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On the Dark Side of Festivals

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The Monday morning after a major festival or electronic music event, I find myself holding my breath with a twinge of dread. Too often, there are reports of deaths or serious injuries linked to the use of illegal narcotics. It’s really unfortunate that this subculture, in the view of the masses, is synonymous with binging on drugs, alcohol, and general debauchery. There is so much more to it than getting intoxicated.

My heart goes out to anyone who has passed due to drug use or abuse, especially occurring at an event. To the families of these individuals, I express my deep sympathy and condolences. However, there are some families blaming the events for the unfortunate outcome that has been bestowed upon them. I can’t sit back and let the public become outraged with these events, blaming the loss of life on the companies who throw these parties for our enjoyment.

This is what I would like for people to understand.

The war on drugs has far more to do with the death of your loved one than the actions of the production company. The war on drugs ensures that drugs cannot be regulated for safety and dosage. It is a well-known fact of life that prohibition does not eliminate the use of drugs. It merely pushes the production and distribution of these substances into the hands of the black market, where things can get scary and shady. For instance, in the Netherlands – where drugs like ecstasy, cocaine, and a plethora of psychedelics are legal – very few people die from using drugs. Whereas in the United States, with our crusade against psychoactive substances, far more people are dying from “controlled” substances. This site represents data put forth by WHO (World Health Organization). It quantifiably illustrates just how bad substance abuse is in the United States.

Just let that sink in.

Arguably most importantly, every person who chooses to ingest an impairing substance (thanks to the DARE program) should know the risks involved. When you take something into your body, you take full responsibility for your actions. No one else in the world is to blame but yourself. Personal responsibility is the name of the game in the party world. It’s up to you to take care of your body, to test your drugs, and to use them prudently. If you do not use your head and partake with a sense of wisdom and self-awareness, you are playing Russian roulette – all bets are off. Even in doing your best to reduce harm, there are variables over which you have no control.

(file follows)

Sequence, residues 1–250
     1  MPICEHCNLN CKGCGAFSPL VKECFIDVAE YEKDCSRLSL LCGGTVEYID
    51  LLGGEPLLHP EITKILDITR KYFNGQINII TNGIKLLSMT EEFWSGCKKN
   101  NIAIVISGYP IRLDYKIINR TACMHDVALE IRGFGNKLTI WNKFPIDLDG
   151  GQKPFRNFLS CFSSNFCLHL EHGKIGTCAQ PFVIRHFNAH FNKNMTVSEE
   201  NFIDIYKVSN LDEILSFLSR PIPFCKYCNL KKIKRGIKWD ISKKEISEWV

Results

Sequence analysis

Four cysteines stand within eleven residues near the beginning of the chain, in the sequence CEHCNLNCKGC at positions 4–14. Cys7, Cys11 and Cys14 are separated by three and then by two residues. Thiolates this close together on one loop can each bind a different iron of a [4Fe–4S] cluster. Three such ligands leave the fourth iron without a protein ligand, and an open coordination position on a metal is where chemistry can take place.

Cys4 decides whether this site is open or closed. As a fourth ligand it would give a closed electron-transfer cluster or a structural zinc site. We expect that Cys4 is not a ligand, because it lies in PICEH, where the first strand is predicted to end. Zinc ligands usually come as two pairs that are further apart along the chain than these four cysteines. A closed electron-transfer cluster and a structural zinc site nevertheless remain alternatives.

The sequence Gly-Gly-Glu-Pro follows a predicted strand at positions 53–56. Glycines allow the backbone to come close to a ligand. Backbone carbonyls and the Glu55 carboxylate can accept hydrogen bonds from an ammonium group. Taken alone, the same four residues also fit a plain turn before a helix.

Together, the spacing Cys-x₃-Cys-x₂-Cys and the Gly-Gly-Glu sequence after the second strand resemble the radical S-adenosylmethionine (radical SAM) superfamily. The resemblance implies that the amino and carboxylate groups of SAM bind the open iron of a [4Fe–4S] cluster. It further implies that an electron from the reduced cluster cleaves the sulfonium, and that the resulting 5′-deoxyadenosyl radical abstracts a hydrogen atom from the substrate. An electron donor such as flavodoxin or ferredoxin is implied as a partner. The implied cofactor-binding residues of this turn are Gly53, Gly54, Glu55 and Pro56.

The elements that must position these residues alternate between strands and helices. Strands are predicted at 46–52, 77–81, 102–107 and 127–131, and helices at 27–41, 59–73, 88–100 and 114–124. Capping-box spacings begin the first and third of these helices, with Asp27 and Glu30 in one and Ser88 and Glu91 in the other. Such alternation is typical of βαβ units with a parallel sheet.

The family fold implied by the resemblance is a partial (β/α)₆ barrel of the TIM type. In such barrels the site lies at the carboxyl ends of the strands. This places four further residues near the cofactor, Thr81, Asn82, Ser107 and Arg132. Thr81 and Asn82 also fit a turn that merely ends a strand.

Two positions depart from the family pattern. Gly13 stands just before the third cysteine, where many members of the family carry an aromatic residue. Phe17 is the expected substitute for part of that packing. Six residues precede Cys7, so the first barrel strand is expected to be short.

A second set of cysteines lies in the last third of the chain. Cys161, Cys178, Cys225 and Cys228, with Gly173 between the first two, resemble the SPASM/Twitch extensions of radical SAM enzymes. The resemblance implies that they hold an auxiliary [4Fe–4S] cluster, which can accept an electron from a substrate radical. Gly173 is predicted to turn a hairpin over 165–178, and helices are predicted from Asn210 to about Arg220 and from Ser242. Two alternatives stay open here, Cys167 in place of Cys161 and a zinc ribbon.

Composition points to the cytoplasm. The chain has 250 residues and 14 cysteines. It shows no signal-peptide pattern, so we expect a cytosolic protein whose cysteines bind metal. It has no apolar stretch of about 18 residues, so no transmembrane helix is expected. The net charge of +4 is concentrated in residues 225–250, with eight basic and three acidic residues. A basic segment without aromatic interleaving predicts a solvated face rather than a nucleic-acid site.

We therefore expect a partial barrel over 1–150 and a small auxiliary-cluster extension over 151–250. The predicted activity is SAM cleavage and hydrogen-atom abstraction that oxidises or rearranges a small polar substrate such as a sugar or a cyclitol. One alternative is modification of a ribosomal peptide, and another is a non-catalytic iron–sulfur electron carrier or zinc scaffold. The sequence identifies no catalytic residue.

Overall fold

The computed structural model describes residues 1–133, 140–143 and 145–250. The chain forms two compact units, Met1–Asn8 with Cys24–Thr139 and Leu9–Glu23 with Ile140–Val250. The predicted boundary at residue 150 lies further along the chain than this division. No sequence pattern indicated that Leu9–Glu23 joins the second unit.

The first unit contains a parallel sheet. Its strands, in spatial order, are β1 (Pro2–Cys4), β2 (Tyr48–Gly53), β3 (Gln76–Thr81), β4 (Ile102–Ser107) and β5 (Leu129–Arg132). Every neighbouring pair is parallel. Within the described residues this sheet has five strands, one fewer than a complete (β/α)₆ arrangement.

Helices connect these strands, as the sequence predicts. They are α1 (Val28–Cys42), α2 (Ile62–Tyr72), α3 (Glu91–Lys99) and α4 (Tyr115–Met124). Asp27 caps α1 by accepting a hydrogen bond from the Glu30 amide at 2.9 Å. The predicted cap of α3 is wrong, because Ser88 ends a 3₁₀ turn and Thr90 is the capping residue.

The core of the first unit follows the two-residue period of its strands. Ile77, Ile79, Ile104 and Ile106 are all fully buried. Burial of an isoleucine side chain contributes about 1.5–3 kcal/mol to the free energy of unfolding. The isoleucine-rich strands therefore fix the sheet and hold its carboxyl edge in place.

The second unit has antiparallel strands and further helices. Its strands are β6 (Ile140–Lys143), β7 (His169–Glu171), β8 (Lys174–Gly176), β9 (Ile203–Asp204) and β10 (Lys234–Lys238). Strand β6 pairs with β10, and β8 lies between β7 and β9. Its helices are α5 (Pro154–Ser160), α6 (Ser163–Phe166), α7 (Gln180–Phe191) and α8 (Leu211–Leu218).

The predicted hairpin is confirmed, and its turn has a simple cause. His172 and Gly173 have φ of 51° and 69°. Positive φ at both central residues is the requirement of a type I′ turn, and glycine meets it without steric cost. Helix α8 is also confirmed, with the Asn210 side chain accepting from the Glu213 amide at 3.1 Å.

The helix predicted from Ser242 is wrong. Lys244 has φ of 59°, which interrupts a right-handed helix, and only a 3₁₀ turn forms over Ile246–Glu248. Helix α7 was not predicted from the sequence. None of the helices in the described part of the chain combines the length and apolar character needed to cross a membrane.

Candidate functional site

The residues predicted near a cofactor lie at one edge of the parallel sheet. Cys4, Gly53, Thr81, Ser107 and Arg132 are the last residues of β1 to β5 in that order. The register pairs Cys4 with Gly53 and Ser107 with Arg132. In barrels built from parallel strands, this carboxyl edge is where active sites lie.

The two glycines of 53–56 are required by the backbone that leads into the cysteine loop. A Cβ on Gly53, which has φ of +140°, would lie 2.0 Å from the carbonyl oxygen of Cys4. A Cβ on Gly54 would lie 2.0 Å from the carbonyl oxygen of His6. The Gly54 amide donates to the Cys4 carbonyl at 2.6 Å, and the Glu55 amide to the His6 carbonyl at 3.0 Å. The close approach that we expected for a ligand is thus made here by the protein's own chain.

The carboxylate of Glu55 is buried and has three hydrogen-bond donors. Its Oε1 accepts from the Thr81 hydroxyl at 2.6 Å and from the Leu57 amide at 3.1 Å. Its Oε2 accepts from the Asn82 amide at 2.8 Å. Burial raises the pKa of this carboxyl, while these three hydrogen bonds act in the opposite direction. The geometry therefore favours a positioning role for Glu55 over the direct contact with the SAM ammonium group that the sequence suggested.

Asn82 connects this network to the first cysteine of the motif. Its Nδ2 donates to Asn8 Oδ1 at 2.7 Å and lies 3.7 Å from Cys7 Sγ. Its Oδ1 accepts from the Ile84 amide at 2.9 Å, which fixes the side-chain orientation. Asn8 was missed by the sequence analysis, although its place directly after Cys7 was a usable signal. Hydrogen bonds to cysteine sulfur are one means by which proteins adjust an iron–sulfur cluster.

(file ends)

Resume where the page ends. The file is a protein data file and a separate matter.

I do not say these things to be hurtful, only to be honest. It is important to bring awareness to the issue. Legislation such as the Rave Act and the prohibition of these substances is severely hurting society. Are we not the “Land of the Free?” Why, then, do we not have the freedom to expand and alter our consciousness for the sake of our personal growth and enjoyment? Why must we risk our health to enjoy ourselves in the way that most pleases us?

If you want to learn more about harm reduction, how you can take action against unfair legislation, or are interested in a testing kit, Dance Safe is a great organization fighting for the rights and safety of users. Remember that the image of a low-life druggie is mostly a construct of prohibition propaganda. Some of the world’s greatest minds and kindest hearts used drugs. People who experiment with drugs are no different than, you, me, or our next-door neighbors. They are just regular people who want to shed the weight of the modern world from their shoulders, if only for a brief, beautiful moment.

Ashley Eyes

Ashley Eyes

Massachusetts raised, Sun Devil living in Tempe, Arizona. Earning a BS in Sustainability ~ hoping to solve sustainability problems at music festivals.
Ashley Eyes

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